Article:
I worry about what happens as the dollar drops and we do not have a growing economy. The Index of Leading Economic Indicators has now fallen for five straight months. Usually, but not always, that means a recession. The index fell for five months in 1995, but the conditions then and now were different. Our debt levels were nowhere near as high, interest rates and inflation were still on the demise and budget deficits were shrinking.

Oil, while likely to retreat somewhat in price, is likely to stay uncomfortably high, at least until a world recession reduces demand. It is a drag on the economy. The fact that long term interest rates have not risen much seems to suggest to me that the bond market is telling us things are weaker than we think.

As I noted last week, I do not think earnings will be anywhere close to the forecasts currently made by analysts. In fact, they have not been as good across the board as the numbers might indicate. Bill King writes:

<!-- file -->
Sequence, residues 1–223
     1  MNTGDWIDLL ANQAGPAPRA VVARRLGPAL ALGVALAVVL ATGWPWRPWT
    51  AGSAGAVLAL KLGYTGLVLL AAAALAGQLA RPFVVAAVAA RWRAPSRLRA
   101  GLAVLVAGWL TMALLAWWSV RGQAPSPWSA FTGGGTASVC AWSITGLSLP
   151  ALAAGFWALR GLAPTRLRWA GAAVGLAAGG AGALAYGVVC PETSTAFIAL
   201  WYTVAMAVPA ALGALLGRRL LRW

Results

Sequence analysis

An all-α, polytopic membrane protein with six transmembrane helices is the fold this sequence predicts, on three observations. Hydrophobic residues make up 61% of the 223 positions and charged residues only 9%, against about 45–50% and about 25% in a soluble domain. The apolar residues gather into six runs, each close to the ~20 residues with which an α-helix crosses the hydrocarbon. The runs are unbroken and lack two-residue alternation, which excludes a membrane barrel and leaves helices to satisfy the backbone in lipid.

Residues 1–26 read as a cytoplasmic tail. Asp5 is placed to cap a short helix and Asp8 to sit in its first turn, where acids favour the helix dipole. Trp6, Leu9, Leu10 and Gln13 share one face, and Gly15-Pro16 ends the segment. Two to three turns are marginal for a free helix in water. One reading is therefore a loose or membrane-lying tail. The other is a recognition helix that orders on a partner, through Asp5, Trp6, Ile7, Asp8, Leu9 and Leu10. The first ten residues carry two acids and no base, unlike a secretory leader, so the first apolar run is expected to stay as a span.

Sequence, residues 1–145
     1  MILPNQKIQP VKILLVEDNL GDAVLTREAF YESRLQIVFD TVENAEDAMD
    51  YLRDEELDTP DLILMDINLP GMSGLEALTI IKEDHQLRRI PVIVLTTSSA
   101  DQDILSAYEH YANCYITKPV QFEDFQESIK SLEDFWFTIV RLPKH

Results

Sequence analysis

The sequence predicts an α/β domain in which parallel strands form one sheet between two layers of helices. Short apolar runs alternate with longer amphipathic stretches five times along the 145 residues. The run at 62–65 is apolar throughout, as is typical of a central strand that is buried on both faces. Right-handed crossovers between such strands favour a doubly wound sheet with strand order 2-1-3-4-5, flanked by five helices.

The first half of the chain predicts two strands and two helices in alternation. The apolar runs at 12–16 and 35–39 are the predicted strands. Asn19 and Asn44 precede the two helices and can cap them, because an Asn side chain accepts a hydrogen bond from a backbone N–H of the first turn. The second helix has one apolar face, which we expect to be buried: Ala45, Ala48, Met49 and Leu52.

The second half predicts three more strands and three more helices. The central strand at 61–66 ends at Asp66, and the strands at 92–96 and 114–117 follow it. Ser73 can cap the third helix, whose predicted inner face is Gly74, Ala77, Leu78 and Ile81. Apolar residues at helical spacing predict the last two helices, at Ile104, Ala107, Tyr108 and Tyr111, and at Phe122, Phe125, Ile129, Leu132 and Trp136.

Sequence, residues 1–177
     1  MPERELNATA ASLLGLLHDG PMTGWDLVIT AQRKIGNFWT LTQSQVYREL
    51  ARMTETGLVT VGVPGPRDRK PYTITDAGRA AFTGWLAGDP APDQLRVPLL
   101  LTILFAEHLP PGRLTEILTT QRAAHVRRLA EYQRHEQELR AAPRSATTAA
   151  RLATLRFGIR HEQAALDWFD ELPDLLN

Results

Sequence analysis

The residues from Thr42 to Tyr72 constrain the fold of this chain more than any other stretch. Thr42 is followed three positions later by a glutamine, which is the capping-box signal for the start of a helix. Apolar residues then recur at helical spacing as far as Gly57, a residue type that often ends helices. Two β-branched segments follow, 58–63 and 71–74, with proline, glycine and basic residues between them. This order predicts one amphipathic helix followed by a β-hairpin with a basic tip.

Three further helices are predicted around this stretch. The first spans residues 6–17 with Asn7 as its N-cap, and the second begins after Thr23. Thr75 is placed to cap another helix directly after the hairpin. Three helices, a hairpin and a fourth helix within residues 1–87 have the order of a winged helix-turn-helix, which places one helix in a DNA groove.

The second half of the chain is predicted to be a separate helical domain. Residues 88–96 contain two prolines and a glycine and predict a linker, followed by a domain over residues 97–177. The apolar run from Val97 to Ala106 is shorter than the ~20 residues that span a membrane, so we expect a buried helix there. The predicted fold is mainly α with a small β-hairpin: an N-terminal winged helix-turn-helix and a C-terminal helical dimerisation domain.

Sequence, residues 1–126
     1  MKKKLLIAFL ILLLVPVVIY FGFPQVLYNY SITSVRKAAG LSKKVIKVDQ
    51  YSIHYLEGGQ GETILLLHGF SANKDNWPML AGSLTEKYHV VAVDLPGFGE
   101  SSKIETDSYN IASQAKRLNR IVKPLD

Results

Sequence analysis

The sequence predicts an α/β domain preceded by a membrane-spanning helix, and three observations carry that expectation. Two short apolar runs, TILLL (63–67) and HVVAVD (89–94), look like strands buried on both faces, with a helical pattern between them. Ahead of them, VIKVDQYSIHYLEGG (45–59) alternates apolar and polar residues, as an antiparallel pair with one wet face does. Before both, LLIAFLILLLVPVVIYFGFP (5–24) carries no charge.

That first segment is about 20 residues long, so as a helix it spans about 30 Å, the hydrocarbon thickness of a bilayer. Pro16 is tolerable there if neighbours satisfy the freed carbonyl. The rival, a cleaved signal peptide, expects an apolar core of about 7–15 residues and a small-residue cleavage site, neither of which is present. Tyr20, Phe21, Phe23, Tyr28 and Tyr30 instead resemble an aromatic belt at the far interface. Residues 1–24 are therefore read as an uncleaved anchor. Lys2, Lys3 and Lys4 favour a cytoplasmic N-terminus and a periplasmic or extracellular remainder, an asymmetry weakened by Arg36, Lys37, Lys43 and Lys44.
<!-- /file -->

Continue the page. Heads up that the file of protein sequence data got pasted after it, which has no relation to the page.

"...the energy sector is contributing much of the increase in S&P 500 earnings y/y and the sector has a much lower PE (~13) than the S&P 500. Ergo, investors are placing a higher multiple on the index due to the energy earnings for which they have little enthusiasm.

"As usual, an examination of the details shows the situation is even more dramatic. The energy production sector and the energy equipment sector produced $5.95B of the $13.03819B increase in earnings for the S&P 500 in Q3 y/y. S&P earnings growth is 11.9% y/y. Ex-energy earnings the growth is 6.45%.